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    "When I cancelled my wedding, for which I had all but bought my own dress, this was the most empowering thing I read. In fact, I would go as far as to say it made me end my eight year relationship. Have never looked back."

    hannahb417bfe5e5

    18. "One Hundred Love Sonnets: XVII" by Pablo Neruda.

    I love you without knowing how or when or from where I love you directly without problems or pride I love you like this because I dont know any other way to love
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    "It's incredibly moving and has some of the most beautiful lines of poetry I've ever read."

    shellezbellez

    19. "Do Not Stand At My Grave And Weep" by Mary E. Frye.

    Do not stand at my grave and weep I am not there I do not sleep I am a thousand winds that blow I am the diamond glints on snow
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    "It's such a beautiful poem dealing with loss and grief."

    monikap6

    "The idea that people who die never really leave us, that they live on in the wind that blows and the autumn rain – it’s so simple but beautiful. I remember reading it at a funeral and it was the only thing that brought me a glimmer of peace that day."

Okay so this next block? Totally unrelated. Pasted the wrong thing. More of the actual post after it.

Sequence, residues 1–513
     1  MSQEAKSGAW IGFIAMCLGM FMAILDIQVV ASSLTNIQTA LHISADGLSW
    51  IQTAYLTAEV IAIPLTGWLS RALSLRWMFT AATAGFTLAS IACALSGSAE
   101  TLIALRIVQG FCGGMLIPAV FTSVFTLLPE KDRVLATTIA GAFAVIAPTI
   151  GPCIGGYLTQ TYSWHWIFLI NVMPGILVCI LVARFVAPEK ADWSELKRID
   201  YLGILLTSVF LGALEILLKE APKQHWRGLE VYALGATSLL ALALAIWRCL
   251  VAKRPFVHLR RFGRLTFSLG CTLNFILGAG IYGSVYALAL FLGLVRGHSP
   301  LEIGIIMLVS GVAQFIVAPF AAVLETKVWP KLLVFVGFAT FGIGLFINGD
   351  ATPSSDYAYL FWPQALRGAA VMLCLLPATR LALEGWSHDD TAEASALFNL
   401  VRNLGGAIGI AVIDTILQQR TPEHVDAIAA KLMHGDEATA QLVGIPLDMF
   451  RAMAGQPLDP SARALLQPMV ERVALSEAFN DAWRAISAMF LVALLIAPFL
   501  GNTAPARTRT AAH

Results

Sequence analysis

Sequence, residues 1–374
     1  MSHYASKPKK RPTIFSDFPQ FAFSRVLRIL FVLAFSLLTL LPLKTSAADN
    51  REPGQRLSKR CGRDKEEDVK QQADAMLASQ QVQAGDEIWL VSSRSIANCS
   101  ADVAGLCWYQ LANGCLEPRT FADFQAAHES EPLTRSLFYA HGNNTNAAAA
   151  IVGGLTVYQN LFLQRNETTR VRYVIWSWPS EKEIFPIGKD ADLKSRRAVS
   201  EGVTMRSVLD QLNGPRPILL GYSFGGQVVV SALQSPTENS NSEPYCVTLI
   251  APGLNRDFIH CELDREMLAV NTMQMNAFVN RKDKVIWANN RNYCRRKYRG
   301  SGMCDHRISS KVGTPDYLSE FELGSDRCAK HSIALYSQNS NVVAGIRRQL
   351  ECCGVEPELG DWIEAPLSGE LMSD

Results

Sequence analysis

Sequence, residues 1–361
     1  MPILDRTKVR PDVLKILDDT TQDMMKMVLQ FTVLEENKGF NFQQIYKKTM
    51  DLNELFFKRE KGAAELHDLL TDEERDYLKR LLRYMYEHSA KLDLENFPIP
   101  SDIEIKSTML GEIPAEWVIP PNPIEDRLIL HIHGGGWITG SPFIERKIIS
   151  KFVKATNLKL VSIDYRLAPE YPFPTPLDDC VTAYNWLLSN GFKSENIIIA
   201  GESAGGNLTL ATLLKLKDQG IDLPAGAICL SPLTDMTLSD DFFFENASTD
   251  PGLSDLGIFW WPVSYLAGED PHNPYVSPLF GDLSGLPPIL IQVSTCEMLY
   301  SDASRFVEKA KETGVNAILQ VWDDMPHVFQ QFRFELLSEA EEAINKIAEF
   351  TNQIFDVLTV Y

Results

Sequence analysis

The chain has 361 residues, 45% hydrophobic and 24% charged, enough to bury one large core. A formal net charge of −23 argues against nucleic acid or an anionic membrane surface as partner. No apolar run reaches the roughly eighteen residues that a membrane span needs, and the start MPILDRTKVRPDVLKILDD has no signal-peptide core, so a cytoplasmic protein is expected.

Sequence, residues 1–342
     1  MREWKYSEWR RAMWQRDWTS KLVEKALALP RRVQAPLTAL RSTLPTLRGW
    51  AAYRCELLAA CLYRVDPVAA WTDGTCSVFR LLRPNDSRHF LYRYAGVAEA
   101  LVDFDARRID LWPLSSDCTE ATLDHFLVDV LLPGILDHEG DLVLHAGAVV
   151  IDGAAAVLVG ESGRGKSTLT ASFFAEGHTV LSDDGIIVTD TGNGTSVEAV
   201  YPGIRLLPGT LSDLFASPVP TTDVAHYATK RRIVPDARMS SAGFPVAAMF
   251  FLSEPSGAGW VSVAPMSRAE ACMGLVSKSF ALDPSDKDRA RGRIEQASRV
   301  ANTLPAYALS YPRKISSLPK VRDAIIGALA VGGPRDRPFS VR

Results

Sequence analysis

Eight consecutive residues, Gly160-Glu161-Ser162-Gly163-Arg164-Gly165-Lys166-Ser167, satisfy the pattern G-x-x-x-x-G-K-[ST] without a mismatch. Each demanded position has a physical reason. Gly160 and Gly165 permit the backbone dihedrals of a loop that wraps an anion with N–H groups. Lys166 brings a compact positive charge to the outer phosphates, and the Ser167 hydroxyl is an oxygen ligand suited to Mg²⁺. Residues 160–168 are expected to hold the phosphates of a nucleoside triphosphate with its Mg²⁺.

mirir

    20. "Annabel Lee" by Edgar Allan Poe.

    For the moon never beams without bringing me dreams Of the beautiful Annabel Lee And the stars never rise but I feel the bright eyes Of the beautiful Annabel Lee
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    "It's pretty short, but it's beautiful and breaks my heart each time I read it."

    vitaliastrait

    21. "The Stolen Child" by W. B. Yeats.

    Come away O human child To the waters and the wild With a faery hand in hand For the worlds more full of weeping than you can understand
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    "It's been my favourite poem since I can remember. I have fond memories of my grandmother reciting it to me as a little girl. She was a huge influence on me and instilled a love of literature, horror, and science fiction that I carry with me to this day."

    steevie

    22. "Invictus" by William Ernest Henley.

    It matters not how strait the gate How charged with punishments the scroll I am the master of my fate I am the captain of my soul
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    "Its themes of overcoming adversity and taking charge of your own life really resonate with me."